When you create an API service, you build it from an existing data model and expose it to the outside world through the same native or custom model. For years, software architects devised applications in a bottom-up manner. They always started from the bottom of a typically relational data model. This model traveled all the way up to the presentation layer.

Depending on the needs of the various client applications, some DTO classes were created along the way to ensure that presentation could deal with the right data in the right format. This aspect of software architecture and development is changing today under the effect of the growing role of client applications. While building the command side of a back-end API is still a relatively easy job, devising a single and general enough data model that suits all possible clients is a much harder job. The flexibility of the read API is a winning factor today because you never know which client applications your API will ever face.

Queryable Services

In the latest edition of the book, “Microsoft .NET: Architecting Applications for the Enterprise” (Microsoft Press, 2014), Andrea Saltarello and I formalized a concept we call layered expression trees (LET). The idea behind LET is application layer and domain services exchange IQueryable<T> objects whenever possible. This usually happens whenever the layers live in the same process space and don’t require serialization. By exchanging IQueryable<T>, you can defer any required query results from filter composition and data projection to the last minute. You can have these adapted on a per-application basis, instead of some hardcoded form of domain-level API.

The idea of LET goes hand-in-hand with the emerging CQRS pattern. This pushes the separation of the read stack from the command stack. Figure 2 illustrates the points of having an LET pattern and a bunch of queryable services in your architecture.

Queryable Objects Are Queried at the Last Minute
Figure 2 Queryable Objects Are Queried at the Last Minute

The primary benefit of LET is you don’t need any DTOs to carry data across layers. You still need to have view model classes at some point, but that’s a different story. You have to deal with view model classes as long as you have a UI to fill out with data. View model classes express the desired data layout your users expect. That’s the only set of DTO classes you’re going to have. Everything else from the level at which you physically query for data and up is served through IQueryable references.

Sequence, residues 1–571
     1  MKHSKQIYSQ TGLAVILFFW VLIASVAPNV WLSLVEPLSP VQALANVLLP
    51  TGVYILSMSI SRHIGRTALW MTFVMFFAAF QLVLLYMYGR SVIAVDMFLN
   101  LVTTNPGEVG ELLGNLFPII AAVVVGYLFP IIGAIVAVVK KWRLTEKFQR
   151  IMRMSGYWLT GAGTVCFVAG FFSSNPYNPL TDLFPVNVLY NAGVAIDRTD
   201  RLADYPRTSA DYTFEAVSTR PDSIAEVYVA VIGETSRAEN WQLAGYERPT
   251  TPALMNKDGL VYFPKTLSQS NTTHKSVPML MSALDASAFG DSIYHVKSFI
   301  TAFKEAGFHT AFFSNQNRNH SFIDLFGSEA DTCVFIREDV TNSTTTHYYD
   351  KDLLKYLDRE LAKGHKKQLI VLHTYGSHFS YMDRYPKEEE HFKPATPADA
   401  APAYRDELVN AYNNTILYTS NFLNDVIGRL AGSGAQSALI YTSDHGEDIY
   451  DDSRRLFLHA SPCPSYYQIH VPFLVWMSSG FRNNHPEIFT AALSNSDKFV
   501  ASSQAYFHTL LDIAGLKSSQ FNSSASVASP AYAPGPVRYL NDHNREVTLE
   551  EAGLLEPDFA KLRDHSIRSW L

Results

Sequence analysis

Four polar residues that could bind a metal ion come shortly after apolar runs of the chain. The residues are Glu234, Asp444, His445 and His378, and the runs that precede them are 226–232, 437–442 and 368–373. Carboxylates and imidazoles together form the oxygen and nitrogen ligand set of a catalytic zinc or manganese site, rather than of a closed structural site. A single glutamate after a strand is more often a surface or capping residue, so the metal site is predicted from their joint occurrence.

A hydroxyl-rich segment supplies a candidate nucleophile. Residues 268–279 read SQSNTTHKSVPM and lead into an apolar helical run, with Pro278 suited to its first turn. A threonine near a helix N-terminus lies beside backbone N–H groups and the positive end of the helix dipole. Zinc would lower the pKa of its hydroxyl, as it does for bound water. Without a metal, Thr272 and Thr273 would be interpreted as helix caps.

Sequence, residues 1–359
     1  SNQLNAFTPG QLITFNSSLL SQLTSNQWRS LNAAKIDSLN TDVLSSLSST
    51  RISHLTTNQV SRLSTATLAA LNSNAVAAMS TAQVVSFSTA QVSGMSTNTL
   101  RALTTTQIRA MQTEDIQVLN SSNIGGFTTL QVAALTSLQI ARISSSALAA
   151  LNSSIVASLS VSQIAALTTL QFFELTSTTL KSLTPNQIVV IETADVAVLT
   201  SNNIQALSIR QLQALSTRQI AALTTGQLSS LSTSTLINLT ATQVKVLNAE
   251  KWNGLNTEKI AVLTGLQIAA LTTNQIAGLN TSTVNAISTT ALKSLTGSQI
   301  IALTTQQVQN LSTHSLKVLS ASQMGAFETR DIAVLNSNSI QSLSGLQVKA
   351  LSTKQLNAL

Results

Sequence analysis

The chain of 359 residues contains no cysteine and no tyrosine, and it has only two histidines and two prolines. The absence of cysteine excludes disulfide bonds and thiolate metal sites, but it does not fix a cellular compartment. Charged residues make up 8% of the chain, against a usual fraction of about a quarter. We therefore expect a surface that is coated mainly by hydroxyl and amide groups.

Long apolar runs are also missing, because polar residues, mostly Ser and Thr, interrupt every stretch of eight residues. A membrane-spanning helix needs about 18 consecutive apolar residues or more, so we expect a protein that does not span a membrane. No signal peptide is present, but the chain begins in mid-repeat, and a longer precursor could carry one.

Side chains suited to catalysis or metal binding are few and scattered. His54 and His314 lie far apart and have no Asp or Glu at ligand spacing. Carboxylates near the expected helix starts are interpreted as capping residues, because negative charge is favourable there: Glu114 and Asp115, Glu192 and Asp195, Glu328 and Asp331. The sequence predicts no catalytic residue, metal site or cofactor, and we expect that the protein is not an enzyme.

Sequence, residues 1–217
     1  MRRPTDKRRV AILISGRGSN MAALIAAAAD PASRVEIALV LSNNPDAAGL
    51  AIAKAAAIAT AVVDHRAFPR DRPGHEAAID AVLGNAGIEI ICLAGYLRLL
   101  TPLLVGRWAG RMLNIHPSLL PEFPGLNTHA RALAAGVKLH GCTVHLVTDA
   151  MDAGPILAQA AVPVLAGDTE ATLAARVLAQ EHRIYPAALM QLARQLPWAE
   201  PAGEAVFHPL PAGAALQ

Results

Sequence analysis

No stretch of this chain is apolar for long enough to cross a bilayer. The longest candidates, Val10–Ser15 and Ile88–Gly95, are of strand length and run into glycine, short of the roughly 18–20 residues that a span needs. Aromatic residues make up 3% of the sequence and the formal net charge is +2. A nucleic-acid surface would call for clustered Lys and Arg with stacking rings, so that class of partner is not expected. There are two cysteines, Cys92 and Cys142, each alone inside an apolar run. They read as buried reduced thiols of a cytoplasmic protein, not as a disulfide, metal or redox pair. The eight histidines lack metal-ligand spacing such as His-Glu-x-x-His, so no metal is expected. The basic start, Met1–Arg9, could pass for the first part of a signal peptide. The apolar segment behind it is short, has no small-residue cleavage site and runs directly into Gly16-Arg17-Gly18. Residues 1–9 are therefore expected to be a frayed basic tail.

Another benefit of LET and queryable services is the resulting queries are application-level queries. Their logic closely follows domain expert language. This makes it easier to map requirements to code and discuss alleged bugs or misunderstandings with customers. Most of the time, a quick look at the code helps you explain the logic. As an example, here’s what an LET query may look like:

var model = from i in db.Invoices
  orderby i.PaymentDueDate
  select new UnpaidViewModel

From the database context of an Entity Framework root object, you query for all inbound invoices and select those relevant to a given business unit. Among those, you find those still unpaid a number of days past due terms.

The nice thing is IQueryable references are not real data. The query executes against the data source only when you exchange IQueryable for some IList. Filters you add along the way are simply WHERE clauses added to the actual query being run at some point. As long as you’re in the same process space, the amount of data transferred and held in memory is the bare minimum.

How does this affect scalability? The emerging trend for which the vNext platform has been optimized is you keep your Web back end as compact as possible. It will ideally be a single tier. You achieve scalability by replicating the unique tier through a variety of Microsoft Azure Web Roles. Having a single tier for the Web back end lets you use IQueryable everywhere and save yourself a bunch of DTO classes.

Implement Queryable Services